Will the neural-electronic interface change the world?

In 2001, Cathal O’Philbin, a quadriplegic in London, using an experimental “Adaptive Brain Interface,” was able to learn to use his mind to move a cursor and cause letters to appear on a computer screen: “Arsenal Football Club.” This event received relatively little press at the time, but in this article in The New Leader, 8/1/01 – http://www.newamerica.net/index.cfm?pg=article&DocID=432 – Michael Lind speculates that this might be the most important technological advance since the splitting of the atom. See also this Wikipedia article: http://en.wikipedia.org/wiki/Brain_computer_interface

If a brain-computer interface or neural-electronic interface were developed far beyond its present state of infancy – to a point allowing for two-way communication between the brain and the computer, both input and output – consider the possibilities (some discussed by Lind in his article, some explored in science fiction):

  1. Implanted bionic devices to eliminate the effects of Alzheimer’s and other mental disorders; to serve as artificial eyes for the blind and ears for the deaf; and many other applications.

  2. Powered exoskeletons, directly linked to the user’s nervous system, that would allow quadriplegics to move and walk; that could also be used for industrial purposes; and possibly powered suits of armor, giving soldiers near invulnerability plus superhuman strength. (In the latter case, the main limiting factor would be developing a portable power source – Iron Man can’t go into battle trailing a mile-long extension cord. See this CS thread: “What would MECHANICAL superstrength really be like?” – http://boards.straightdope.com/sdmb/showthread.php?t=279802) Lind points out that this might make genetic engineering irrelevant – what’s the point of spending years tweaking DNA to breed a super-strong person when you can plug an unmodified person into an exoskeleton with even greater strength?

  3. Industrial waldoes and robots, directly linked to the user’s nervous system. (I don’t know if this would offer a signifant advantage over existing teleoperations technology.)

  4. Direct communication between human minds and computers as such – eliminating the need for a mouse/keyboard/display-screen interface.

  5. Computer viruses getting into human minds through such linkages and causing undesireable psychological effects, as in Pat Cadigan’s Synnershttp://www.amazon.com/exec/obidos/tg/detail/-/1568581858/qid=1121293333/sr=8-1/ref=pd_bbs_ur_1/103-4922547-5545451?v=glance&s=books&n=507846.

  6. Virtual reality far more realistic than what you could ever get through goggles and headsets. Applications are obvious. Let us blush and pass on.

  7. Development of electronic equipment or software packages to regulate the brain activities of persons with psychological problems, replacing and possibly improving upon the psychotropic drugs now used for such purposes.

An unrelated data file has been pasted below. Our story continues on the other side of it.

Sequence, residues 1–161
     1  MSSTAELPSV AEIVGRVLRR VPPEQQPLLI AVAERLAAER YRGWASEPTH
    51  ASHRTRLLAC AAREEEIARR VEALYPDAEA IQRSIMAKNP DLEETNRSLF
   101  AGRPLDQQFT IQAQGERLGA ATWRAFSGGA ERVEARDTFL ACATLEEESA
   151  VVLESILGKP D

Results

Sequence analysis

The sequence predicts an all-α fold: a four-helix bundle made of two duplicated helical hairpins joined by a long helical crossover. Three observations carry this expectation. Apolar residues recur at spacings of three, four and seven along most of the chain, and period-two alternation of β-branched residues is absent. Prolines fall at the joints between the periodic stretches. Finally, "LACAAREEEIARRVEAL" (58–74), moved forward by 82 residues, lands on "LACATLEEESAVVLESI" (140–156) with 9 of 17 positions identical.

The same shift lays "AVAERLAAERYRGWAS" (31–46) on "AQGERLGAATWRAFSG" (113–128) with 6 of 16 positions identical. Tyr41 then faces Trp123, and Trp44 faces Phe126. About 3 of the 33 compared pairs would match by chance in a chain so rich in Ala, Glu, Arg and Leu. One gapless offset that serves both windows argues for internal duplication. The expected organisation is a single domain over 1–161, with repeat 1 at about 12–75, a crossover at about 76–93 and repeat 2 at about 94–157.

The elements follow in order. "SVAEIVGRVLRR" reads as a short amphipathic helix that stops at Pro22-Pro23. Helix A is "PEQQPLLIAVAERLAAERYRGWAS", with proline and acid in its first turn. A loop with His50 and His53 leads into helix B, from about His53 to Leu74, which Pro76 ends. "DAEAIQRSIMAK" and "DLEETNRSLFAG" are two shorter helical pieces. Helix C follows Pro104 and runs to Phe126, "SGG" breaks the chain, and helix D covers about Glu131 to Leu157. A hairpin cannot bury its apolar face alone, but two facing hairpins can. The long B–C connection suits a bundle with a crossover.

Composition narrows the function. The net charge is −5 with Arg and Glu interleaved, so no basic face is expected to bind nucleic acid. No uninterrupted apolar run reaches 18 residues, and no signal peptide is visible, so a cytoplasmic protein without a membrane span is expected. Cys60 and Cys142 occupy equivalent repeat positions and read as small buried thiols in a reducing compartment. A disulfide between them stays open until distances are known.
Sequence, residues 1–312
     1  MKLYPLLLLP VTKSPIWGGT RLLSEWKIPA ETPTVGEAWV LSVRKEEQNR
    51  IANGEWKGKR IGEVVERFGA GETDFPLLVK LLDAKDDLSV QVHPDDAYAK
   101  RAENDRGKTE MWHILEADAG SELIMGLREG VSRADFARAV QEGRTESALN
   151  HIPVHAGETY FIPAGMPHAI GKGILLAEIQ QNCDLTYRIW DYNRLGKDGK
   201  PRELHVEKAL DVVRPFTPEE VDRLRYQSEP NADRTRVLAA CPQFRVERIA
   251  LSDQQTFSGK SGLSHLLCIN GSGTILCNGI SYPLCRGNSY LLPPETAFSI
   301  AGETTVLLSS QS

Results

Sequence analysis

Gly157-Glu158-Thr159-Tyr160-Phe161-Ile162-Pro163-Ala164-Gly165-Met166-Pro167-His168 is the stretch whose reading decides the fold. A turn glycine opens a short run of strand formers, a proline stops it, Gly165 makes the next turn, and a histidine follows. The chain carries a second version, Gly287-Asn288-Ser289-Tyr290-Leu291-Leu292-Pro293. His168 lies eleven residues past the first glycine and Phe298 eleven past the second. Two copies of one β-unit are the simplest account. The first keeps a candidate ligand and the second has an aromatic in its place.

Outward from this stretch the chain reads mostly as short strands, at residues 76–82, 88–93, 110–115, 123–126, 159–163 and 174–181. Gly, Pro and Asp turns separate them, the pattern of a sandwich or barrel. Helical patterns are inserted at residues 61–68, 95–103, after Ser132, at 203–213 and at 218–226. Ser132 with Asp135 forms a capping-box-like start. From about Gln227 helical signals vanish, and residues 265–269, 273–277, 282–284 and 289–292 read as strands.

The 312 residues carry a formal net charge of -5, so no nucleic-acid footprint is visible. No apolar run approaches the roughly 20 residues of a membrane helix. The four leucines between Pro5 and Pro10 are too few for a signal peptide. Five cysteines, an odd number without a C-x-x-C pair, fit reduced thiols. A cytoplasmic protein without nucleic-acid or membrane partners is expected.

8. Application of the same technology to stimulate the brain in ways analogous to a psychoactive drug, possibly leading to a wave of “wirehead” addiction and an underground market in illegal neural-stimulus software and equipment, as in Circuitry Manhttp://www.imdb.com/title/tt0099271/.

  9. Music made by the composer simply thinking the desired sounds and reproducing the music on speakers, without using the human voice or traditional instruments. Likewise, other art forms produced the same way. A whole movie might be produced from the director’s unaided imagination, without actors or a production crew.

  10. A form of personal “immortality” achieved by copying or uploading an individual personality and all its memories into an electronic storage medium (I don’t believe any computer now existing would have the storage capacity, but that may change).

  11. Mechanically assisted telepathy between human beings. Direct mind-to-mind communication, via a computer hookup. With all that implies:

a. Personal memories recorded (by the person experiencing them) and played back (by anyone) for recreational and/or educational purposes, as in Strange Dayshttp://www.imdb.com/title/tt0114558/. Find out what it’s like to be a person of the opposite sex!

b. Unprecedented opportunities for psychotherapy – a shrink would actually be able to know what the patient is thinking/feeling.

c. Telepathic linkages between lovers – either cementing the relationship or ending it immediately, depending.

d. Compulsory telepathic examinations or memory audits of suspects/detainees/witnesses/accountants/politicians/your possibly unfaithful spouse/you.

e. Super-fast education by downloading relevant blocks of memory from an expert in the field to the student.

f. Totalitarian governments controlling their subjects’ thoughts (or at least monitoring and limiting their actions) through neural implants.

g. Telepathic group-minds like the Borg Collective (for a more benign spin on this idea, see Spider Robinson’s Deathkillerhttp://www.amazon.com/exec/obidos/tg/detail/-/0671877224/qid=1121292590/sr=8-1/ref=sr_8_xs_ap_i1_xgl14/103-4922547-5545451?v=glance&s=books&n=507846).

h. The emergence of new art forms based on mind-to-mind communication – e.g., symphonies of thoughts, emotions or memories.

i. Telepathic communication, not only with humans but with any other animal for which an interface could be developed.